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In critical theory, and particularly postmodernism, a metanarrative (from meta-narrative, sometimes also known as a master- or grand narrative) is an abstract idea that is thought to be a comprehensive explanation of historical experience or knowledge. According to John Stephens it "is a global or totalizing cultural narrative schema which orders and explains knowledge and experience".[1] The prefix meta means "beyond" and is here used to mean "about", and a narrative is a story. Therefore, a metanarrative is a story about a story, encompassing and explaining other 'little stories' within totalizing schemes.

Contents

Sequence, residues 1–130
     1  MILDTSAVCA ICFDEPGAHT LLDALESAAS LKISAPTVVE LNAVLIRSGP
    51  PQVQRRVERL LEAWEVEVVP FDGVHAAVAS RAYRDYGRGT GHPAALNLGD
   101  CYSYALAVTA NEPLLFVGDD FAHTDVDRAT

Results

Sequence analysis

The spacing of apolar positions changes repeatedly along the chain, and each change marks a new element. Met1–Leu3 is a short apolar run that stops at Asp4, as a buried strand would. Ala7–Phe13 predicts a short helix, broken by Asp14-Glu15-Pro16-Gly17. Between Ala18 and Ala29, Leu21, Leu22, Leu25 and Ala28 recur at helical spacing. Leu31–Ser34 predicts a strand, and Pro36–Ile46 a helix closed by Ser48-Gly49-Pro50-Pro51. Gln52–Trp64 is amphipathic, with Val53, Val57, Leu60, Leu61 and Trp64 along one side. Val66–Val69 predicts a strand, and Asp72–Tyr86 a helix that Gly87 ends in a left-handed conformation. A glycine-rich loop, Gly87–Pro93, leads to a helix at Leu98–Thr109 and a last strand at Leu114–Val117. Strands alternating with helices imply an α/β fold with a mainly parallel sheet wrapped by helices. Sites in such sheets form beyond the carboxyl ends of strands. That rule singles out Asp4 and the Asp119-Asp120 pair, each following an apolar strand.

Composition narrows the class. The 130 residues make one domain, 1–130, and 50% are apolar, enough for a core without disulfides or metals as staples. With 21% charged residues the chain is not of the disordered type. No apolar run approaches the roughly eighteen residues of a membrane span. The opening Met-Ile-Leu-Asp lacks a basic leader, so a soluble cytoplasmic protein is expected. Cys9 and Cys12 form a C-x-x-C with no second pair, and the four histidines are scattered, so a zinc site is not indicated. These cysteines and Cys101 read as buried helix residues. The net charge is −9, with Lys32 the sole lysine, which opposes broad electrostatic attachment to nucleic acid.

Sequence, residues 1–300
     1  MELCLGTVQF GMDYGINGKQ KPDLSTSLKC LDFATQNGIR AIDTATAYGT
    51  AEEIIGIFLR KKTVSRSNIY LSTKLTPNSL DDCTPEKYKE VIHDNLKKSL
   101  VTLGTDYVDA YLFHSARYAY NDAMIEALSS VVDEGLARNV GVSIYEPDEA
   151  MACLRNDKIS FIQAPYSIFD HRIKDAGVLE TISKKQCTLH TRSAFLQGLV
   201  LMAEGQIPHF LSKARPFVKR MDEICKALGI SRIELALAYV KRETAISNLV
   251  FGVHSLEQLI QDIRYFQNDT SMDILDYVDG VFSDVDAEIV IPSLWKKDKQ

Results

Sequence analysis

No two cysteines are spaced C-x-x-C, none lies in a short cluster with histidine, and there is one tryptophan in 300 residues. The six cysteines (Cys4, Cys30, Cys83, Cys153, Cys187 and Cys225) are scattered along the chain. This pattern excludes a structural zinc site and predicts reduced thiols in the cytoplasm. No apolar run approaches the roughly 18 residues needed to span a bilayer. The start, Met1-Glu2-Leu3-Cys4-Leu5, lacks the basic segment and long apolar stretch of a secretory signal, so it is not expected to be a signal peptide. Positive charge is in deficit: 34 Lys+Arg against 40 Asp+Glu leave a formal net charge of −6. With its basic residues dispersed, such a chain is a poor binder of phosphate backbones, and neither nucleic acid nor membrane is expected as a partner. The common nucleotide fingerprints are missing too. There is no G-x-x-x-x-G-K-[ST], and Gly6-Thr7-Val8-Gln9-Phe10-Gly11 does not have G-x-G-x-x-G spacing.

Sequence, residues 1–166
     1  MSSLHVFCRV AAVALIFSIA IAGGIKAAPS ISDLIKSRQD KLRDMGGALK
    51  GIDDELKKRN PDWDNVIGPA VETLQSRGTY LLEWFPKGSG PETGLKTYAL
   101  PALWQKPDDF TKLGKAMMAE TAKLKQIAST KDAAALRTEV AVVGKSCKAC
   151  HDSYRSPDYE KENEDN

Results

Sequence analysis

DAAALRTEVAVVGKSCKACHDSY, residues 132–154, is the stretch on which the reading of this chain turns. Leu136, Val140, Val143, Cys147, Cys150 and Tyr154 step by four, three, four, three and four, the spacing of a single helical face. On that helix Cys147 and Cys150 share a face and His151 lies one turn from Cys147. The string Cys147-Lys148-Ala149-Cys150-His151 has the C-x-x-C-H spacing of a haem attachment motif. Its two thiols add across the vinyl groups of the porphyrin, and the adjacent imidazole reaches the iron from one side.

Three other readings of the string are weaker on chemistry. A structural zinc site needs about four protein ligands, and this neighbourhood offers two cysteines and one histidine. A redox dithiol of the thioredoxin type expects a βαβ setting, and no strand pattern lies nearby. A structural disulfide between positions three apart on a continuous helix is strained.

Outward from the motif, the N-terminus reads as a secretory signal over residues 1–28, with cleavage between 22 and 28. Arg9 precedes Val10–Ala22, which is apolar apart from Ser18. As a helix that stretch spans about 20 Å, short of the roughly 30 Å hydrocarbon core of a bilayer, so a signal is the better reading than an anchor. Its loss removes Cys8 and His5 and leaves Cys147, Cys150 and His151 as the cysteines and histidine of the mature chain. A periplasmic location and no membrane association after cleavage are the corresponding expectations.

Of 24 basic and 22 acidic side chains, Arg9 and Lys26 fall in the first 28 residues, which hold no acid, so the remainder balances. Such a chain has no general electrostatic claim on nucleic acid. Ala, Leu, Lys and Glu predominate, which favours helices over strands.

Examples of metanarratives

There is only one metanarrative as defined by Lyotard. Modernists and philosophers address the problem by telling a story -- the story of progress through universal human reason, as Logos triumphs over Mythos. The problem is that once a proof is accepted as the standard of believability not only must we prove our claims, we must also prove our proofs, and so on, ad infinitum. This is what Lyotard was referring to when he made the claim that the postmodern condition is one of incredulity toward metanarratives.

Poststructuralist skepticism toward metanarratives

The concept was criticized by Jean-François Lyotard in his work, The Postmodern Condition: A Report on Knowledge (1979). In this text, Lyotard refers to what he describes as the postmodern condition, which he characterized as increasing skepticism toward the totalizing nature of "metanarratives" (or "grand narratives," typically characterised by some form of 'transcendent and universal truth'):